If I was building a website myself so that I could sell products through it then off the self, selling product is what pays the bills.
If I was engaged by the site owner to build it then I would tend towards a shopping cart but would depend on the precise requirements. I would take care to point out the limitations of any carts recommended and the cost and risk of a bespoke solution.
Context is the key. For a 1-5 products-rarely-changed site, you don't need the overhead of a huge cart with features you'll never use. It's is demanding on resources and file space (most of them are huge) and likely to be slow(er), especially on shared hosting. Any more than that, or frequently changing products requiring modification by the site owner on a regular basis, use an existing solution.
Temper that with budget and experience - if #1, do you have the skills to write a secure script? If the answer is no, or "I can do anything even if it takes me forever to figure it out," there are lightweight solutions you can implement without re-inventing the wheel. Shopify is one good example for a few simple products, but it's a hosted solution.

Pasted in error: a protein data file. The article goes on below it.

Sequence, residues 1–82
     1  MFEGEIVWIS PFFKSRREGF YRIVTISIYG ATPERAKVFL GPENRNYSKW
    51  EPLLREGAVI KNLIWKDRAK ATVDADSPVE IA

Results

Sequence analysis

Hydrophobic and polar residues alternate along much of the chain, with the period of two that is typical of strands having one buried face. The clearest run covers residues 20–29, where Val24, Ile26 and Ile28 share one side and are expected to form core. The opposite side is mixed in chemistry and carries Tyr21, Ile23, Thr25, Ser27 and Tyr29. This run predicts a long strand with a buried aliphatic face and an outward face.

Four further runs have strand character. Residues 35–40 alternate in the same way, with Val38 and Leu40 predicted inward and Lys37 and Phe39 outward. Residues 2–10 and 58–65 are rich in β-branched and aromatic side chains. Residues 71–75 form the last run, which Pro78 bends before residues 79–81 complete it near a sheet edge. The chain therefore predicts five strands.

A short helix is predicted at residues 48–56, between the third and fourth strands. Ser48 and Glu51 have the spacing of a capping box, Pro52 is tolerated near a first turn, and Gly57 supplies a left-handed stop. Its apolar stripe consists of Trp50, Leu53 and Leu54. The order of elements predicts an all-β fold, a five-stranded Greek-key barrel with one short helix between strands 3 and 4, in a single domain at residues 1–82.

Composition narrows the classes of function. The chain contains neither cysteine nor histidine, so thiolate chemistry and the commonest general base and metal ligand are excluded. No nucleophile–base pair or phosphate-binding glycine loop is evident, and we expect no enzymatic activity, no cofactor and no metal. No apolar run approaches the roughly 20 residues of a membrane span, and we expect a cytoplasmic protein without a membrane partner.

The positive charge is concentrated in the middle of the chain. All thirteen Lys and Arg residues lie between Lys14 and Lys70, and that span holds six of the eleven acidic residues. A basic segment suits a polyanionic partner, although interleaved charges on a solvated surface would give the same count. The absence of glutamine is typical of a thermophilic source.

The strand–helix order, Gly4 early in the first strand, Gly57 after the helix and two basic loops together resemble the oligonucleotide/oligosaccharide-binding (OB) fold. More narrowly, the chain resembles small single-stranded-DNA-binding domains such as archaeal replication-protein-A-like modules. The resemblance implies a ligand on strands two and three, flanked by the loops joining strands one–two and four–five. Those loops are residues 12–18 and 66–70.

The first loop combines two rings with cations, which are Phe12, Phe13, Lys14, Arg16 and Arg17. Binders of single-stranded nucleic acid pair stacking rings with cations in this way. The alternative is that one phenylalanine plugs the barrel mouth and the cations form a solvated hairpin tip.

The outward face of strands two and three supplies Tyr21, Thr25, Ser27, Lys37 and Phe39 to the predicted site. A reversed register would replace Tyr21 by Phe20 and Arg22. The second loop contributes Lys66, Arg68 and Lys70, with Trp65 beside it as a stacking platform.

You could do a hybrid site if by using a service that handles the cart and purchase process for you. Then you could design/build the catalog portion yourself using and hook into their service. This way the security issues including PCI compliance would be out of your hands.
Some great replies
Another alternative is to use an open source CMS such as joomla with either a commercial or non commercial shopping cart extension.
If you do that, make sure your contract includes regular maintenance for BACKUPS and updates.
I am NOT a lawyer, but I think that if you use an available product (Open source or commercial) AND maintian the patches, your liability would be less than if you design something from the ground up.
Similar to the above response, but maybe look into wordpress and some of the shopping cart plugins?
Depends on how many products you stock and how often do you change the prices etc if thats a lot then a pre made cart is required.
If your going to write one, use a very skilled graphic designer for buttons etc, make it diffrent.
I think for online businesses the security aspect should be prioritised; if I were to move on to selling directly, I would have to deal with customer data on things like payments (e.g. credit card details). I would not want to do that myself unless I was a very skilled programmer; it might get you into severe liability issues if things go wrong.
>> (e.g. credit card details). I would not want to do that myself
many companies can process cards for you without you seeing the card details and thus removing liability from you entirely.
if you have the skill, a custom built cart, specifically designed for your products is streets ahead of an off the shelf solution.